Geotechnical practice employs computer programs that incorporate numerical methods to address problems of stability, settlement, deformation, and seepage. These methods are based on theoretical understanding of the behavior of soils, and correct use of commercial software requires that the engineer understand theoretical bases of the numerical algorithms and how they work. This course addresses the description of stress and strain in the context of geotechnical engineering and the basic concepts of numerical and computational methods, including discretization errors, computational procedures appropriate to different classes of problem, and numerical instability. It will then apply the insights to the three major problems of geotechnical analysis: settlement, stability, and fluid flow.


Pre-req: MATH 2360 Eng. Differential Equations, and CIVE 3300 Soil Mechanics.

Advanced Foundation Engineering (Formerly 14.533)


Design and analysis of shallow foundations, excavations and retaining structures including: site exploration, bearing capacity and settlement theories, earth pressures, braced and unbraced excavations, rigid and flexible retaining structures, reinforced earth, dewatering methods and monitoring techniques.

Soil Dynamics and Earthquake Engineering (Formerly 14.534)


This course addresses the dynamic properties of soils and basic mechanical theory of dynamic response. It will apply these results to analysis and design of dynamically loaded foundations. A basic understanding of earthquakes - where they occur, their quantitate description, how the complicated patterns of motions are captured by techniques such as the response spectrum, and how engineers design facilities to withstand earthquakes, will be addressed. In particular, the course will consider three Topics of current professional and research interest: probabilistic seismic hazard analysis (PHSA), soil liquefaction, and seismically induced displacements. The emphasis will be on geotechnical issues, but some time will be devoted to structural considerations in earthquake resistant design.

Soil Engineering (Formerly 14.536)


The study of soil as an engineering material, and its use in earth structures (e.g. dams, road embankments), flow control, and compacted fills. Stability of natural and man made slopes, soil reinforcement and stabilization.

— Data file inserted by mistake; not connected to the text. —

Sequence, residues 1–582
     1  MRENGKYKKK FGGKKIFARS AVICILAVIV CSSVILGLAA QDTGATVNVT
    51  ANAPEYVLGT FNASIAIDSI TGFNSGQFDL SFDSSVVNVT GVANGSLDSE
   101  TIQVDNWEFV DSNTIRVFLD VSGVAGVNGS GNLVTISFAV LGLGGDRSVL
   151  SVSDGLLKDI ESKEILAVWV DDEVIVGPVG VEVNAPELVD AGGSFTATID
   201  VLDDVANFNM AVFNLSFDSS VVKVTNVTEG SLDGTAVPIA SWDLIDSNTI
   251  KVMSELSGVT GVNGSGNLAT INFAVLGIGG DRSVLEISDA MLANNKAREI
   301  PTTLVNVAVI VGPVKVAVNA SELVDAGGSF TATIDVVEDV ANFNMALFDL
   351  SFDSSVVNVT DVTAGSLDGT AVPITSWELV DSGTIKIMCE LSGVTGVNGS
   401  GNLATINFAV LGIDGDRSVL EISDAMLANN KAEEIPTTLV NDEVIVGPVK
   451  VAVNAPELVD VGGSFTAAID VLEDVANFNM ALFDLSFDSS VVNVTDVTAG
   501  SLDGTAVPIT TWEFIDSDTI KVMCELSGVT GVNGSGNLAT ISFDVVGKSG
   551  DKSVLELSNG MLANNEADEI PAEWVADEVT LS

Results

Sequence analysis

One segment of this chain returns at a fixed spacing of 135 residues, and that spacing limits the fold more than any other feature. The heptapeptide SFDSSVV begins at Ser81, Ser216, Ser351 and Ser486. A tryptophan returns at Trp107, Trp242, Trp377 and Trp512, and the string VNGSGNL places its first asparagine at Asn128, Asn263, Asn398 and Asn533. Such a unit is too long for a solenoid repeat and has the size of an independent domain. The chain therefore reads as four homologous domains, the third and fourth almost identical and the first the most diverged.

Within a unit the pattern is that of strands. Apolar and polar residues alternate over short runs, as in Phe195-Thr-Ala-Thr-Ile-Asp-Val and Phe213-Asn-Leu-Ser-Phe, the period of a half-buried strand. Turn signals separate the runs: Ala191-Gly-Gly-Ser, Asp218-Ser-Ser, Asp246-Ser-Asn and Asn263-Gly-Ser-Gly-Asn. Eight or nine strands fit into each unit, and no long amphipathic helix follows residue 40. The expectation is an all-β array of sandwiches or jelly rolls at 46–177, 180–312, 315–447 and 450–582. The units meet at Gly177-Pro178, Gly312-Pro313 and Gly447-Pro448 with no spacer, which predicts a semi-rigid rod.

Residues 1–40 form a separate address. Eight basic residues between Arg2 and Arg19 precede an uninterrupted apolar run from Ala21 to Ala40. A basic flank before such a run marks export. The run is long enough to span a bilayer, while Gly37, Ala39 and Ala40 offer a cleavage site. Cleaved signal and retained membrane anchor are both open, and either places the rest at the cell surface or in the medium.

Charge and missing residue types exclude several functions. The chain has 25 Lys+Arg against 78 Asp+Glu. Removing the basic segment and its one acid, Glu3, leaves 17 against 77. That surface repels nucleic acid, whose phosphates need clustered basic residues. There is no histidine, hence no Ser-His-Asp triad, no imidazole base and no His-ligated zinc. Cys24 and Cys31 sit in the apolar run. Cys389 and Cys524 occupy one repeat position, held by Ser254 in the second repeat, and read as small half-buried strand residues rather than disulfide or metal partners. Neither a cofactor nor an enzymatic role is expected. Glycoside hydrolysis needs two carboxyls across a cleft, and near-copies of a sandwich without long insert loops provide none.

Experimental Soil Mechanics (Formerly 14.537)


Application of testing procedures to the evaluation of soil type and engineering properties. Testing for classification, permeability, consolidation, direct and triaxial shear and field parameters. The technical procedures are followed by data analysis, evaluation and presentation. Critical examination of standard testing procedures, evaluation of engineering parameters, error estimation and research devices.

Soil Behavior


Study of the physico-chemical and mechanical behavior of soil. Topics include: soil mineralogy, formation, composition, concepts of drained and undrained stress-strain and strength behavior, frozen soils.

Ground Improvement (Formerly 14.539)


Design and construction methods for strengthening the properties and behavior of soils. Highway embankments, soil nailing, soil grouting, landslide investigation and mitigation, dynamic compaction, stone columns.

Urban Transportation Planning (Formerly 14.540)


Objectives and procedures of the urban transportation planning process. Characteristics and current issues of urban transportation in the United States (both supply and demand). Techniques of analysis, prediction and evaluation of transportation system alternatives. Consideration of economic, environmental, ethical, social and safety impacts in the design and analysis of transportation systems.

Advanced Highway Geometric Design


Development of the principals of modern roadway design while addressing context specific design requirements and constraints. Topics will include guidelines for highway design, design and review of complex geometry, geometric design to address safety and operational concerns, multi-modal design for signalized and un-signalized intersections, complete streets design concepts, and superelevation. Course-work will also include principals to present transportation designs to the public, transportation advocates, and private clients.


Pre-req: CIVE.3400 Transportation Engineering, or Permission of Instructor.